All the aforementioned reasons for delaying having another child are valid, but do I even really need to say them? Do I need to "justify" this choice with people? I mean, maybe I just want to focus on becoming a more successful writer before considering the possibility of having another baby. Maybe I want to focus on being a better mom to the son I already have. Maybe I want to be able to put more time into things that make me feel fulfilled and happy. Just like it's OK if a mom feels capable and ready to take on the responsibility of caring for more than one child, of dividing her time in such a way, it’s also OK if a mom prefers to focus on only a small handful of things at a time. I know that having another baby right now would render me unable to keep working at the pace that I am, and keep me from traveling as often as I do. There’s nothing wrong with wanting to put yourself first, whether you’ve had the traumas I’ve had or not.
While I completely understand that curiosity is only human, as a society we need to start realizing that just because we want to know doesn’t mean we need to ask.
So in the end, it's really only two things I wish I could tell someone who inquires about my reproductive plans. One, I wish I could say it's none of their damn business (because, seriously, it’s not). While I completely understand that curiosity is only human, as a society we need to start realizing that just because we want to know doesn’t mean we need to ask. And just because we’re curious doesn’t mean we’re entitled to an answer, especially if someone isn’t being forthcoming to begin with. Family planning is a personal matter. I’m not saying we can never ask any questions about whether or not someone wants to have a baby, or more babies, but rather that we need to be more mindful of the way and moment when we ask. We should think about whether we really need to know this information the first place, and to be prepared not to. We also need to check our judgements at the door, and if we’re incapable of doing so, perhaps we need to ask someone about their favorite TV show instead.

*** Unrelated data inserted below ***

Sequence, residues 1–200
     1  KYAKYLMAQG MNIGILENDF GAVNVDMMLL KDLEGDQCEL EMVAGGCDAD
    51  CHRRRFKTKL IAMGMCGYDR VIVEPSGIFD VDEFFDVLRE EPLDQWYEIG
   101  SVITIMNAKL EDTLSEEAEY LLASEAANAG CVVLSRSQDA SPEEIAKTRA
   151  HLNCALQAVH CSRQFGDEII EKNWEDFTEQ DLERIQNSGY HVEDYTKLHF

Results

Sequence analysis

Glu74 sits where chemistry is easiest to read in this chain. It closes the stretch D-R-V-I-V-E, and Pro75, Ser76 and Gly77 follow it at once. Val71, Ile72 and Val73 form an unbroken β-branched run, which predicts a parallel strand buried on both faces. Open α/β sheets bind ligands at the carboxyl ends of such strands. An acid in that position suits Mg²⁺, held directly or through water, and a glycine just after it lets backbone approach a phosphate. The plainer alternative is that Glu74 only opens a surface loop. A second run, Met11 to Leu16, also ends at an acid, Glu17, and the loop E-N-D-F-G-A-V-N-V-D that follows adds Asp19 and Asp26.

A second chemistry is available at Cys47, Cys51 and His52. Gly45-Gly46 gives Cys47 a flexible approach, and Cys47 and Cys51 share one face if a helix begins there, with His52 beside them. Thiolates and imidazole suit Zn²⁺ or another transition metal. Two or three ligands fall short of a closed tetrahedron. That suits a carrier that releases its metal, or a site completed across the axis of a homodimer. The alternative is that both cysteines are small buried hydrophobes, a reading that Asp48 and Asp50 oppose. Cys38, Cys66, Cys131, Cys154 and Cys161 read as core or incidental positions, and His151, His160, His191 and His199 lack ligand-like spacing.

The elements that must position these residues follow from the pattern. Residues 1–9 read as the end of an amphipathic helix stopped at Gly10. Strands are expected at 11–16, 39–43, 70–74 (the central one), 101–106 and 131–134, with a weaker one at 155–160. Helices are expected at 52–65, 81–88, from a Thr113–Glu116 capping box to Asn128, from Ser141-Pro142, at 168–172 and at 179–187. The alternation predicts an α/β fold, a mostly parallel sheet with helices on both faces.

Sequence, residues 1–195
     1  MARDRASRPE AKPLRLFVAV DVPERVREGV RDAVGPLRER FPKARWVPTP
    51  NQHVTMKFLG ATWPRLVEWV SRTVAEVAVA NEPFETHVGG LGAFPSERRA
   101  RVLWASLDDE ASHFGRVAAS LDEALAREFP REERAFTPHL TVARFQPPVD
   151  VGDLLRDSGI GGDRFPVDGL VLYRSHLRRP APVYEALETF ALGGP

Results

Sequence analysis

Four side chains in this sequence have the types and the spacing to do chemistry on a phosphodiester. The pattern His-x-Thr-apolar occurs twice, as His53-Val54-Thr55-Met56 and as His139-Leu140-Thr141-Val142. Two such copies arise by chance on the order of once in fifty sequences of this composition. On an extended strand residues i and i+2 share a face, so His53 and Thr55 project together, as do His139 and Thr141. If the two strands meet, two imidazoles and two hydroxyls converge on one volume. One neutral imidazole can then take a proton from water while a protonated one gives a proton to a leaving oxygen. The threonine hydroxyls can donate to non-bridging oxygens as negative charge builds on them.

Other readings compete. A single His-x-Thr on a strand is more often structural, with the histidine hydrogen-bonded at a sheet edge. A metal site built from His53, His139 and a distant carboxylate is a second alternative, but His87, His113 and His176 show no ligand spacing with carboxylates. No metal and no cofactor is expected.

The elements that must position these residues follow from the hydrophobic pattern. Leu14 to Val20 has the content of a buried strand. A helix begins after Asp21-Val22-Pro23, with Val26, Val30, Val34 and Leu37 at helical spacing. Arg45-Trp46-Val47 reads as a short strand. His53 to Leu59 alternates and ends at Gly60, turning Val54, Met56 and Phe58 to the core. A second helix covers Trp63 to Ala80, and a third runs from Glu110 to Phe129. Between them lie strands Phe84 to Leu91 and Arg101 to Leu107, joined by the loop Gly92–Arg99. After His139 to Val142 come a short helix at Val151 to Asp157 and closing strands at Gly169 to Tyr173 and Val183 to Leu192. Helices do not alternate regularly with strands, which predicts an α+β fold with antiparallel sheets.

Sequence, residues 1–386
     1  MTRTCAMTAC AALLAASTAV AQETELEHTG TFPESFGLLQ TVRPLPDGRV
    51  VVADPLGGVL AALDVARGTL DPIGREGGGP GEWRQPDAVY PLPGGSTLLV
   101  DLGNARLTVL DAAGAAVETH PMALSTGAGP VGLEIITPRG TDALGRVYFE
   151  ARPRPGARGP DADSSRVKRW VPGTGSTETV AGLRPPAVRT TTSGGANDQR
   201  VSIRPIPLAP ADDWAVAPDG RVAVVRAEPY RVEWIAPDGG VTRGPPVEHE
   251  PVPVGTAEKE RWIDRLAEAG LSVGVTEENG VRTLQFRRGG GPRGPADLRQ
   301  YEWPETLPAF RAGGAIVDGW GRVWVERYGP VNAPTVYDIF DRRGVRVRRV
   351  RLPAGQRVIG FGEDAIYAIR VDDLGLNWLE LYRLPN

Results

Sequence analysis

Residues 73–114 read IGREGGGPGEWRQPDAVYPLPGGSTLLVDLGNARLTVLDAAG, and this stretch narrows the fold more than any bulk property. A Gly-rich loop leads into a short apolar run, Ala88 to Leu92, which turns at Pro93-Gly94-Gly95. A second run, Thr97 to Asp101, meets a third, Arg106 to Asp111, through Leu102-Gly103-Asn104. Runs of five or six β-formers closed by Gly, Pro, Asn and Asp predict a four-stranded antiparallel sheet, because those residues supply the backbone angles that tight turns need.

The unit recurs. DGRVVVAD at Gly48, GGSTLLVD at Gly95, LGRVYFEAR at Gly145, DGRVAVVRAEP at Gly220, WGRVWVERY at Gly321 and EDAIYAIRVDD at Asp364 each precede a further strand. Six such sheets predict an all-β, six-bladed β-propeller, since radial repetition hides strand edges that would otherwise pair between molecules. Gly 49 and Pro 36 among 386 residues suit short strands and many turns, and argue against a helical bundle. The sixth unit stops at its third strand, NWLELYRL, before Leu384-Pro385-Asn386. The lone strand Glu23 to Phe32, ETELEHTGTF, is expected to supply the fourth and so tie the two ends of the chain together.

The other thing I wish I could say when folks ask me if I’ll have another baby though is, honestly, the very long version of it. Literally everything I just described. Every painful detail, past trauma, and current reality that has brought me to this current decision. There’s not always time to have a lengthy, and oftentimes emotional, discussion about the reasons why I may or may not want to have another child, though. I don't always have the energy to invest that much emotional labor into a person who, for all intents and purposes, is being nosey.
So the next time you ask a personal question, be prepared to listen to the answer.
Check out Romper's new video series, Bearing The Motherload, where disagreeing parents from different sides of an issue sit down with a mediator and talk about how to support (and not judge) each other’s parenting perspectives. New episodes air Mondays on Facebook.